Participants were invited to consider which sort of happiness is being pursued – the temporary, ephemeral goals of modern society or longer lasting happiness, informed by right view. This was further detailed with an overview of the importance of positivity, self-development, overcoming challenge, selflessness, empathy and the philosophy of giving in contributing to happiness.
Venerable Miaoyu explored how Causes and Conditions, Right View, Preparation, Expectation, Acceptance, Development and Attainment all positively impact obtaining happiness, before bringing the group together for a closing action exercise.
Participants recorded their personal commitments towards achieving happiness throughout the workshop before coming together as groups for commitments towards the ongoing expansion of happiness via the Nan Tien Temple, Institute and Buddha Light International Association.
On Venerable Miaoyou’s “Meditation Workshop : Connecting Mind and Heart”
We had 17 participants.
The group were quite forthcoming in their participation which made for an active productive workshop.
They were invited to express what they thought Mindfulness and Heartfulness were.
Was there a difference between the two? Do they interrelate? Can one influence the other?
We were exploring the different emotions and bodily experiences on how words can affect the body.
We started with Metta meditation and then we focused on words like, peaceful, joyful and calm.
They expressed that contemplating “anger” had many effects on them including increased heart rate, uneasiness, tightness in the chest, change in breathing, and sweating.
On Elizabeth King’s “Collective Wisdom”
Elizabeth’s work shop was concerned with collective wisdom. Elizabeth posited this was needed now, more than ever due to a general disillusionment in society stemming from a lack of faith in corporations, businesses and governments. The traditional monolithic model that see these entities as a source of guiding wisdom have failed society to a large degree and are the basic cause of this disillusionment. This is evident in the various issues that have arisen from poor governance, scandals and incidences that we have all witnessed in our lifetimes. Elizabeth believes the answer to these problems, though her years of study, lies in the development of collective wisdom – wisdom of the many, not the wisdom of the few. However Elizabeth is very clear this in no mean feat as the problem is far larger than one may think. With the short time available, Elizabeth stressed two things that can set us on this journey. Mindfulness is a necessary ingredient, but Elizabeth is clear it is not any old mindfulness, it’s mindfulness in an ethical framework. Elizabeth also asked us to think about the problem in small break-out groups and then come up with one thing each, that we as individuals, can change and contribute to the collective wisdom.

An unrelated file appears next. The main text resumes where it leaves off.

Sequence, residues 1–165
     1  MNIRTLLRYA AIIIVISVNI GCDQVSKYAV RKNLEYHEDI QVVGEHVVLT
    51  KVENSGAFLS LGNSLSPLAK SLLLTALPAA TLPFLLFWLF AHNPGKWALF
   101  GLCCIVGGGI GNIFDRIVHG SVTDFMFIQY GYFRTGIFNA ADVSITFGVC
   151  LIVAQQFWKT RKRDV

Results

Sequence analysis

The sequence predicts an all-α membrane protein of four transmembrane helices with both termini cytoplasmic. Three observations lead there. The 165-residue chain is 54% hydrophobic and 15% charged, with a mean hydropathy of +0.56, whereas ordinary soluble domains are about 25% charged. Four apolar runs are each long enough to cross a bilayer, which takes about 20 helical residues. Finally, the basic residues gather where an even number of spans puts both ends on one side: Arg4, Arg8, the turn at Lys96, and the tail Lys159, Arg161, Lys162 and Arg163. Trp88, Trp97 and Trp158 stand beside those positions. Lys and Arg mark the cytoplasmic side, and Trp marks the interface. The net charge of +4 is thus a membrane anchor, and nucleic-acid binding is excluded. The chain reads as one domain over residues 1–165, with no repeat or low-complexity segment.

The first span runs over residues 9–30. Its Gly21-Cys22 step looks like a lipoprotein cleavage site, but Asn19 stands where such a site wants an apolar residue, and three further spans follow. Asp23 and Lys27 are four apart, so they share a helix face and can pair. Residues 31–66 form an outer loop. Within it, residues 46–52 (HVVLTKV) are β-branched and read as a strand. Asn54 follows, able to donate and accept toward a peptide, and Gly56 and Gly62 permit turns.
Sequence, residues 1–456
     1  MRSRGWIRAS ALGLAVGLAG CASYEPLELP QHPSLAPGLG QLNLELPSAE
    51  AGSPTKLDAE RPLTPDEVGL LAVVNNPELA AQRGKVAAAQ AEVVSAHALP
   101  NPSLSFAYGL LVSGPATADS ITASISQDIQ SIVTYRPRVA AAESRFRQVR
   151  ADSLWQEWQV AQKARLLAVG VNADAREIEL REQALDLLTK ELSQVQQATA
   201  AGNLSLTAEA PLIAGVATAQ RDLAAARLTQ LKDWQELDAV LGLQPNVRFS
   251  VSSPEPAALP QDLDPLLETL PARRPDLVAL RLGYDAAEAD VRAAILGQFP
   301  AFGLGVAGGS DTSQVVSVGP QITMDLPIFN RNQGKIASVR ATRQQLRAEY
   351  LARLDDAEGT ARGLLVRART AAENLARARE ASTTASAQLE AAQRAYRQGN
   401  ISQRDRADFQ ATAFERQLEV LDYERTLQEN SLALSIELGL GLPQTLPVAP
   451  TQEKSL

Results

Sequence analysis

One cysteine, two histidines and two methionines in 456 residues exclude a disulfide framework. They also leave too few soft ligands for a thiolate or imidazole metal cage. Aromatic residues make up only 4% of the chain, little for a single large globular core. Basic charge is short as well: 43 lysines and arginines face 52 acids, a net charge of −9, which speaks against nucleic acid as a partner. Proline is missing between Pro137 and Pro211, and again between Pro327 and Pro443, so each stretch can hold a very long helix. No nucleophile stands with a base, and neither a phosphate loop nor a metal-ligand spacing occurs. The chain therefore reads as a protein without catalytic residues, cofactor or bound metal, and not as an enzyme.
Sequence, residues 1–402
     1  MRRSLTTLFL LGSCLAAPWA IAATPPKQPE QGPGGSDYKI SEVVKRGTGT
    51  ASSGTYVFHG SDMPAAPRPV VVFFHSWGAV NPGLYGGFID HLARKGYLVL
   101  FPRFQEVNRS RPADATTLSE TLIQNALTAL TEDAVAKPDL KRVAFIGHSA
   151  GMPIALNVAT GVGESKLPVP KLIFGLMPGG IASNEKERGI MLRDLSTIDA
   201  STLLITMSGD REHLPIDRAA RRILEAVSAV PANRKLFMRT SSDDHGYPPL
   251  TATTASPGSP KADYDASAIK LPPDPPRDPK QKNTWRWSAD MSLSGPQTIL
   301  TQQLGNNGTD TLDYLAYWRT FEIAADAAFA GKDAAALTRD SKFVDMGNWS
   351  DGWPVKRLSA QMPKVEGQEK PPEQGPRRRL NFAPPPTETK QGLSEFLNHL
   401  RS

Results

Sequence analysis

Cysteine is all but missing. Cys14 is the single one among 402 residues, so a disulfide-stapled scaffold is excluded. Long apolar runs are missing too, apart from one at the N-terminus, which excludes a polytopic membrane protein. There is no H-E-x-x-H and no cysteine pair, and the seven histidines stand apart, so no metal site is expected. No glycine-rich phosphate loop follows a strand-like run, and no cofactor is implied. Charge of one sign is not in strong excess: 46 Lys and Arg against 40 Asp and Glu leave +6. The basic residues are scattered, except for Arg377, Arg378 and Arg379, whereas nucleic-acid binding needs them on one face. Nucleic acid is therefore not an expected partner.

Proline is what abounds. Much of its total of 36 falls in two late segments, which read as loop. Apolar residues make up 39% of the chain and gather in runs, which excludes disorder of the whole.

On Venerable Youji’s “Mindful Art: Doodling Chan”
When asked to draw a picture, most of us may dodge, believing it is an interest for talented people. In the workshop of Mindful art: Doodling Chan, Venerable Youji showed u how doodling can guide us to a better state of mind by creating unique Dharma cards.
Venerable Youji showed some of her doodling works and practised simple doodling patterns like circles, lines, curves with all attendees, guiding everyone to feel the present moment when we are fully concentrated and mindfully.
With mindful check in, everyone started to design their own Dharma cards. That moment of inner peace must be like a long-lost friend for many of us who’s got lost in this anxious society. With a pen, a piece of paper, sit down and slow down from a rushing life. It was the present moment that we could control well with mindfulness.
Confidence and patience were gained from Venerable Youji’s wisdom words. Indeed, there’s no right or wrong in art. We were creating what’s in our mind. There’s no need to focus on how others see good or bad. It was our own artwork. This was what mattered.
We usually have no confidence in ourselves when we are doing things that we are not good at and can easily lose patience in dealing with them. Doodling is a mirror reflects the inside us, revealing our frustration, doubts and anxiety in real life and showing us where to start to change. Gradually, As each circle, lines we draw gets better, more patience we can gain from doodling, more tolerant we will become in our community.
On Alex Trauth-Goik and Jade Hutchinson’s “Equipping Youth with Principles to Navigate the Digital Landscape”
The central question underpinning the workshop topic was: “How is it possible to transcend modern society’s inclination towards “individualism”, characterised by self-aggrandisement, particularly via the internet, by instead using the same medium to awaken a collective consciousness of oneness of humanity?
After a brief outline by Alex and Jade about the nature of these two seemingly polar-opposite concepts, participants split into working groups to explore and report back their conclusions about possible empowering principles for using the internet. Each group was assigned a specific aspect of internet usage to focus on, in the context of the central question posed. The areas of focus for the exercise were grouped either as:
Self education and self-actualisation using the internet
Internet etiquette and compassion, in how we treat others online;
Social media – focusing on mental health, social pressure, and manipulation of young minds by business
Moving from “individual thinking” to “collective collaboration” through the internet
How to maintain a healthy online/offline balance
What was a very collaborative exercise generated many worthy insights from a Humanistic Buddhist perspective of the potential of the internet. Here are just a couple of examples:
“Engage in a discussion surrounding the language of ‘compassion’ and ‘respect’ online”.
“Are you adding value to your life or trying to find an escape from boredom”?
Get in touch with the team,
contact us at firstname.lastname@example.org